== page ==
The Circumetnea Train Part One – Riposto to Linguaglossa
Jonathan and I love watching travel shows for inspiration for future trips. One such show featured a cute little train, the Circumetnea which went from Riposto through Linguaglossa, to Catania and around Mount Etna. A journey of 110 kilometres.
Ooh, we have to do that, we thought, but finding information wasn’t so easy. The website for the train was, to put it mildly, pretty useless. However, with a little bit of help from our guesthouse in Taormina, we discovered that we needed to get to Riposto and there should be a Circumetnea train departing at 08:55 which conveniently for us, would stop at Linguaglossa, our base for the next two nights.
All went well, we took a bus from our hotel down to Taormina station and immediately jumped on a train to Giarre-Riposto station. We had been told that from Giarre-Riposto Station to Riposto Station was just a 15-minute walk and we had 40 minutes- what could go wrong?
So What Could Go Wrong?
Well, the level crossing closed and we had to wait. Five minutes, ten minutes, 15 minutes. Traffic was building up. A guy made a run across the track. Maybe we should do that, we thought. Suddenly a train shot passed, umm ok, perhaps not! We waited longer, now getting the train was going to be really tight. So, we did end up sneaking through the gap, and we ran across the track. We arrived at Risposto station, but alas, we had just missed the train. And it was five hours to the next departure.
We headed into town, dragging our cases behind us. Riposto, according to the guide books, was a pretty little Baroque town on the Ionian coast. Half an hour later, having explored the entire town, we sat down for coffee, and thought just four and a half more hours to go!
We caught the 13:50 train – we were the only ones on board. Next stop was Giarre Station. Guess what? Giarre Station was right next door to the Giarre-Riposto train station. We could have caught our morning train, after all, 🙄 Oh well, we got to see a new town!
The forty-minute journey to Linguaglossa on the Circumetnea train passed in no time. Travelling on a narrow-gauge railway through gorgeous countryside, passing small towns, farmland, lava fields, we were pleased we had waited for the train.
We both wanted to see Mount Etna and thought it would be fun to stay in one of the towns close to the summit.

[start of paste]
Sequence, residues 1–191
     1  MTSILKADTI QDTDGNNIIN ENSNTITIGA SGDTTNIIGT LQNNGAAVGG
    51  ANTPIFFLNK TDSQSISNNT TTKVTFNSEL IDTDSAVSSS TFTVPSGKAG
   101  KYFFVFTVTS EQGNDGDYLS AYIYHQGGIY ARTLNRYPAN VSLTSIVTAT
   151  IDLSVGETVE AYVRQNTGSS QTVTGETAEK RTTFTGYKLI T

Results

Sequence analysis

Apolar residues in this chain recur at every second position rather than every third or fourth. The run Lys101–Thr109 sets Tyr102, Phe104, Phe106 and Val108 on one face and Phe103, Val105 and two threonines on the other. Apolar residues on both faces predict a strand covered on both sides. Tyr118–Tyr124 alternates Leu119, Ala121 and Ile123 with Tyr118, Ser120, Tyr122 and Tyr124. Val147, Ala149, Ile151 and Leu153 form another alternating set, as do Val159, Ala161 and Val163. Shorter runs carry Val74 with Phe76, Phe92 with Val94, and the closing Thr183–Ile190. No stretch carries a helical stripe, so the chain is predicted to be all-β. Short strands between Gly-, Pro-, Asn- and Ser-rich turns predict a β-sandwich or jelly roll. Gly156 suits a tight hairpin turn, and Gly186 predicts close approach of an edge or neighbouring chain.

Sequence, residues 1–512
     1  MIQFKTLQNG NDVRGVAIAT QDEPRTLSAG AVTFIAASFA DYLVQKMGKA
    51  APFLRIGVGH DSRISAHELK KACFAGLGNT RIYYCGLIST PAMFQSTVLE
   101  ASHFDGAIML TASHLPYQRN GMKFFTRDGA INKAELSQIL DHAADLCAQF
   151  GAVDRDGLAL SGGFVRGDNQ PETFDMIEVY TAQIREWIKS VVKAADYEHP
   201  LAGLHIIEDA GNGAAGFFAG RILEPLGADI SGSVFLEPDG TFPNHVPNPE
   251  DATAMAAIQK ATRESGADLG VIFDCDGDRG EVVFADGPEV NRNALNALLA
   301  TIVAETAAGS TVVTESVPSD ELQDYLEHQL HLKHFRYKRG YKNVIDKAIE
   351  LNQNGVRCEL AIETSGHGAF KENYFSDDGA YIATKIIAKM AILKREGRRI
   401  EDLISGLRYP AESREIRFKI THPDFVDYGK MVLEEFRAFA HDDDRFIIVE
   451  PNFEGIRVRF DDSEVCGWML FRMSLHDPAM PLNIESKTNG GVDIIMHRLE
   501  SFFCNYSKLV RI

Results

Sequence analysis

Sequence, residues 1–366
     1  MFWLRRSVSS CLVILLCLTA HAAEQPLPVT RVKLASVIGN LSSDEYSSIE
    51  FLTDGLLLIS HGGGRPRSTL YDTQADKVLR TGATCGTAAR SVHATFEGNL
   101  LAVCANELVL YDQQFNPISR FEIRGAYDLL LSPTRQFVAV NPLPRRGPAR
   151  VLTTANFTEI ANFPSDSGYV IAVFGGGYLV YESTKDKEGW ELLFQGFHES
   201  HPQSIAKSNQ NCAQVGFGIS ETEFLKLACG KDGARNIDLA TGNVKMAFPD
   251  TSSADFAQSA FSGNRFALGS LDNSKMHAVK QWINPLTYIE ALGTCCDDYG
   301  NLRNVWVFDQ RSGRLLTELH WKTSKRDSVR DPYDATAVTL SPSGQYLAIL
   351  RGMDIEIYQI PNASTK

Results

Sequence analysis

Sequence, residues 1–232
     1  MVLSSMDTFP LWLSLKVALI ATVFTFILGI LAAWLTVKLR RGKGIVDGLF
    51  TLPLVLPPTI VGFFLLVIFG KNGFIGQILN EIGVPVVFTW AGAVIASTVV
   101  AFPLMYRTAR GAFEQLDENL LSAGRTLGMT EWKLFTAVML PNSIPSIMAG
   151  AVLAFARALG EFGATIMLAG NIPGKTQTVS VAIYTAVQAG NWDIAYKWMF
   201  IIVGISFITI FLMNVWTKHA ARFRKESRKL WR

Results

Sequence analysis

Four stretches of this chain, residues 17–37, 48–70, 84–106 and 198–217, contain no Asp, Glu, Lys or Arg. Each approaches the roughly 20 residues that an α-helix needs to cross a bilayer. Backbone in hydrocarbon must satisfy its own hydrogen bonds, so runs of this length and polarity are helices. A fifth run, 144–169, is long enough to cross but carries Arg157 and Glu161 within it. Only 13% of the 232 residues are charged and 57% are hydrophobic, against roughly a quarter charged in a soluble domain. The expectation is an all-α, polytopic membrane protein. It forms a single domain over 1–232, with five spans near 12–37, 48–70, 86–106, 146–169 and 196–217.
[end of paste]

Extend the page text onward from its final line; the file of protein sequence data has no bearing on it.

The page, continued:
Linguaglossa is the gateway to Etna Nord. The town is located on the quieter northern side of Mount Etna, and during the winter months, is quite a popular ski resort with views of the Ionian Sea.
The name Linguaglossa comes from the Latin and Greek words for the tongue, but Linguaglossa said in a Sicilian accent sounds so much better than Tongue Tongue.
The old town is quite well preserved with narrow streets to explore, ancient doorways, Baroque buildings and of course, being Italy a lot of churches. It’s not a huge town and was certainly very quiet when we were there -a sharp contrast to Taormina.
But we had come here to see Mount Etna. Most of the hikes from the northern side start from Piano Provenzana, which comes under Linguaglossa but is still another twenty kilometres away. Makes sense that you wouldn’t want to have a town too close to the summit of an active volcano.
As so few tourists, there were no buses. We considered hiring a car, but limited availability. Umm, we were beginning to understand now why people usually opt for the day trips from Catania and Taormina.
Over a glass of wine in our local piazza, we came across online a pleasant-sounding half-day hike that was leaving the next morning from Linguaglossa – yay! But on closer reading, when they say Linguaglossa, they really meant Piano Provenzana. We contacted the tour company Vulcanologiche Etna and explained our predicament. No worries, the guide Vincenzo lives in Linguaglossa, and he would pick us up.!
Visit Mount Etna
Vincenzo picked us up in front of the train station, and you know some people you meet you just like instantly – that was what it was like meeting Vincenzo. Friendly, amiable and he just loved everything to do with volcanoes, having grown up with Mount Etna is his backyard.
There were just six others in our group that morning, a nice size and fortunately all around the same walking ability. The starting point of our trekking route was just along the dirt road that runs from Piano Provenzana to the summit craters of the volcano.